In some quarters, our criticisms of Zimbardo’s brand of situationism have been taken as support for a return to some sort of personality explanation. They are not. Our argument is precisely that we need to overcome the old opposition between individual and situation — or, more accurately, between individual and group — and understand how these two things are informed by, and structure, each other (Haslam & Reicher, 2007b).
One of the moist basic messages to be taken from our study is that people are not mindless in groups. They do not follow norms or role requirements like mindless robots. Rather the group provides both (a) an intellectual framework for members to discuss and debate what is appropriate for them to do, and (b) the practical power to turn words into deeds. That is (in contrast to Zimbardo) we show that groups allow for, rather than detract from, human agency, choice and responsibility (Reicher & Haslam, 2006b). The challenge for the next wave of social psychological theory is to unravel the nature of this interdependency between individuality and collectivity.”
3. PILIAVIN, I., RODIN, J. & PILIAVIN, J. (1969) Good Samaritanism; an underground phenomenon? Journal of Personality and Social Psychology, 13(4), 289-299.
ROSENHAN, D. (1973). On being sane in insane places. Science, 197, 250-258.
THIGPEN, C. & CLECKLEY, H. (1954) A case of multiple personality. Journal of Abnormal and Social Psychology, 49, 135-151.
GRIFFITHS, M.D. (1994). The role of cognitive bias and skill in fruit machine gambling. British Journal of Psychology, 85, 351-369. Listen to podcast
Mark Griffiths: “As a new PhD student, the paper that really inspired me was a pioneering study by Anderson and Brown (1984). Much of the experimental work on the psychology of gambling had been done in laboratory settings and the question of ecological validity was something that I had great concerns about. I didn’t want to study gamblers in a psychology laboratory, I wanted to examine them in the gambling environments themselves. Anderson and Brown studied a group of regular gamblers and reported that their heart rates did not increase in laboratory conditions but did in field conditions (i.e. in the casino), by an average of 23bpm. This perhaps explained why studies on arousal during laboratory gambling had failed to find heart rate increases above baseline levels.
From this study, Anderson and Brown – unhappy that Skinnerian reinforcement theory could not account for the phenomenology of pathological gambling (especially relapse after abstinence) – postulated a model centering upon individual differences in cortical and autonomic arousal in combination with irregular reinforcement schedules. This neo-Pavlovian model in which arousal has a central role, plays an important role in the addiction process. According to Anderson and Brown, this model accounts for reinstatement after abstinence and allows for the maintenance of the behaviour by internal mood/state/arousal cues in addition to external situation cues.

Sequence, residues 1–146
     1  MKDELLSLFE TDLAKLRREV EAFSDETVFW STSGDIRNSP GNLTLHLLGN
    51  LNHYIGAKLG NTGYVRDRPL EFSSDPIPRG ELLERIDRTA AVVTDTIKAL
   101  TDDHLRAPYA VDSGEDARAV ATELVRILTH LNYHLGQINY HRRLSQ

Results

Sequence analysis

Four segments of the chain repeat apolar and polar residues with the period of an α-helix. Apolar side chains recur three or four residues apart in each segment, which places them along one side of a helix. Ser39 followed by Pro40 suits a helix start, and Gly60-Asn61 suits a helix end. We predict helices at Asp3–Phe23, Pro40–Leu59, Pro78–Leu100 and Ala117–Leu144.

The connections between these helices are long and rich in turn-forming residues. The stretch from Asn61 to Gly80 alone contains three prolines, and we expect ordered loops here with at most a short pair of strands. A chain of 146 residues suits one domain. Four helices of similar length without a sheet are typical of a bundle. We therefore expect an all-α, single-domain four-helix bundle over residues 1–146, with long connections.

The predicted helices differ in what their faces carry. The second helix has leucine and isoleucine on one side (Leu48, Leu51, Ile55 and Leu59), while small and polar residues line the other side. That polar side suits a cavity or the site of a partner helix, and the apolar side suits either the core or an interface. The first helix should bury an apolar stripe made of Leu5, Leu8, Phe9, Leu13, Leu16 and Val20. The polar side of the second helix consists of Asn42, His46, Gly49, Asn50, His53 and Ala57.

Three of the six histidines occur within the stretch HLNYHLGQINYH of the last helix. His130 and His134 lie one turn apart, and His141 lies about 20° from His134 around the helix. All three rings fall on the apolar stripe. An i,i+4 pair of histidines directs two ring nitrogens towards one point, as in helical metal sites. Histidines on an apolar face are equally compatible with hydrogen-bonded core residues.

My 1994 study raised lots of interesting points and by studying gamblers within session I obtained lots of interesting data. One of the more interesting observations concerned ‘the psychology of the near miss’. I noticed that when thinking aloud, regular gamblers often explained away their losses and changed clear losses into near winning ones (i.e., gamblers weren’t constantly losing, they were constantly nearly winning, and this was both psychologically and physiologically rewarding for them). The work of Paul Delfabbro in Australia built on my idea of analyzing gamblers within session and postulated that gambling is maintained by winning and losing sequences within the operant conditioning paradigm (i.e. that the only rewards and reinforcers in gambling are purely monetary). I then argued in a follow up paper (Griffiths, 1999) that Delfabbro and Winefield’s contribution was too narrow in its focus in that they had taken no account of the “near miss” in relation to operant conditioning theory and that there may be other reinforcers that play a role in the maintenance process. I also argued that gambling was biopsychosocial behaviour and should therefore be explained by a biopsychosocial account.
I think the study is important because it showed that gamblers could be studied in real-life contexts and that useful data could be collected. It also showed the complexity of gambling and that gamblers could turn apparently objective outcomes (losing) into ones that were highly subjective (near winning ones). I also showed that this had implications for treatment (see Griffiths, 1993a). I also argued that this was just one part of a big jigsaw and that this one study shouldn’t be seen in isolation but read along with my observational studies (Griffiths, 1991a), my other experimental studies in an arcade examining heart rate arousal (Griffiths, 1993b; 1995), my semi-structured interview studies (Griffiths, 1990), surveys (e.g. Griffiths, 1993c), and my case studies (Griffiths, 1991b; Griffiths, 1993). All of these studies as a whole were featured in my first book (Griffiths, 1995b).”
BPS Resources: Griffiths’s ‘action plan’ on problem gambling.
Thanks to Dr Jon Sutton who helped compile all these links and comments.